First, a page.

Tax cuts under John Kennedy, Ronald Reagan and Bill Clinton (during his second term) all produced faster economic growth, more jobs and higher tax revenues. Indeed, the Clinton 1997 capital-gains tax cut was the driving force for late-decade budget surpluses. Revenues in this period soared as profits accrued from stock market gains and stock options. It was a near-perfect illustration of the Laffer Curve, which says, in clear terms: Tax something more, get less of it; tax something less, get more of it. The less we penalize work and investment, the more work and investment there will be.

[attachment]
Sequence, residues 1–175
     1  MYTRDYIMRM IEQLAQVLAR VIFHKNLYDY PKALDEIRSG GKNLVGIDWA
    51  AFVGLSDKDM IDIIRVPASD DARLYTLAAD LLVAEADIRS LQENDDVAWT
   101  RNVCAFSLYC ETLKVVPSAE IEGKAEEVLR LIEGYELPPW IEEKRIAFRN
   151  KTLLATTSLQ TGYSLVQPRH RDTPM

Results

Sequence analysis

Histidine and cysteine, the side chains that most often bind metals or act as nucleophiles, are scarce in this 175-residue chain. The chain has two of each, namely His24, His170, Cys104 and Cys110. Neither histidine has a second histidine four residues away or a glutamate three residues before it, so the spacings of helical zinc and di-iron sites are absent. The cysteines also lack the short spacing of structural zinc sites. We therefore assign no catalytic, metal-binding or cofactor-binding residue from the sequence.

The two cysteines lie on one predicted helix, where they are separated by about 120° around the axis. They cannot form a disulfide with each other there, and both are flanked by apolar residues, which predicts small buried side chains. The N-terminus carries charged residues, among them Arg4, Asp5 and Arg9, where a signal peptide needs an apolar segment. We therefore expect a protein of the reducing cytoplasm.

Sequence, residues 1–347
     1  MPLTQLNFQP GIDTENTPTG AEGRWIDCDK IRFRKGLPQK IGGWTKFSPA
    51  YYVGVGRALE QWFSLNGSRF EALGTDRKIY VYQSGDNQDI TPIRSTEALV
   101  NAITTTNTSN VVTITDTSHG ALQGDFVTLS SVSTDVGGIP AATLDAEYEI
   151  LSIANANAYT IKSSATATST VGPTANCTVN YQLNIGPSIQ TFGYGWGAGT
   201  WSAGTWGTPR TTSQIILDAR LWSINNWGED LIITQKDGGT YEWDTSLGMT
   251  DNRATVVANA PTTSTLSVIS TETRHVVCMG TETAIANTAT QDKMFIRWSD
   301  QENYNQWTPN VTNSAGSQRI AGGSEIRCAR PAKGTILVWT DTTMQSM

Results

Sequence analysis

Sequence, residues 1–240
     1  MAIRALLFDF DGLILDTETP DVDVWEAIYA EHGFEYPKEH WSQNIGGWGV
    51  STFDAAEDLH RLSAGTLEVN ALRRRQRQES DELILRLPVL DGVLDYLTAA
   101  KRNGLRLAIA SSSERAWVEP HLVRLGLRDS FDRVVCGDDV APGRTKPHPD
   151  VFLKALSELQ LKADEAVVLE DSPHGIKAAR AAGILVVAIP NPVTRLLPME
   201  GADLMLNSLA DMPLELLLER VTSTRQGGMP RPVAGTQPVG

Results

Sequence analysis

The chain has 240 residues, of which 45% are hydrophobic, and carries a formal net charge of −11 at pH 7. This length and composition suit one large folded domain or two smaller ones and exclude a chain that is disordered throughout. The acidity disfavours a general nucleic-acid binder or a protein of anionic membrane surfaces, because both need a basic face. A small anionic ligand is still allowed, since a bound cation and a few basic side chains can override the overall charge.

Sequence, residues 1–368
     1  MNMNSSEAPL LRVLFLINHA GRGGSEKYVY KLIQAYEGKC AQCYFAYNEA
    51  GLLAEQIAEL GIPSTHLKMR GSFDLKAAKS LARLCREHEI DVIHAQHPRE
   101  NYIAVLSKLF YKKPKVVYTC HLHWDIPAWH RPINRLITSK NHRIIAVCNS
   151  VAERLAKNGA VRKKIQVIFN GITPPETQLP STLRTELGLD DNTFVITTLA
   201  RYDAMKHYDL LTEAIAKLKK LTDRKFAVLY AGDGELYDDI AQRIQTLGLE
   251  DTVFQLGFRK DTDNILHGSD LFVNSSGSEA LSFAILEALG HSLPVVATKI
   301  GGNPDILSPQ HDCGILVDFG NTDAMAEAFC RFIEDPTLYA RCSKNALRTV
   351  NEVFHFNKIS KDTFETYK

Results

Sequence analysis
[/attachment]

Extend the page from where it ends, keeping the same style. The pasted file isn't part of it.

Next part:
This is Economic Behaviorism 101, and it’s a simple science that too many members of the U.S. Congress and most state governments fail to comprehend.
Or do they get it?
The so-called sin taxes on alcohol, beer and tobacco suggest that liberal lawmakers just might understand the behavioral basics of taxation. In recent years, legislatures on every level have poured taxes on these products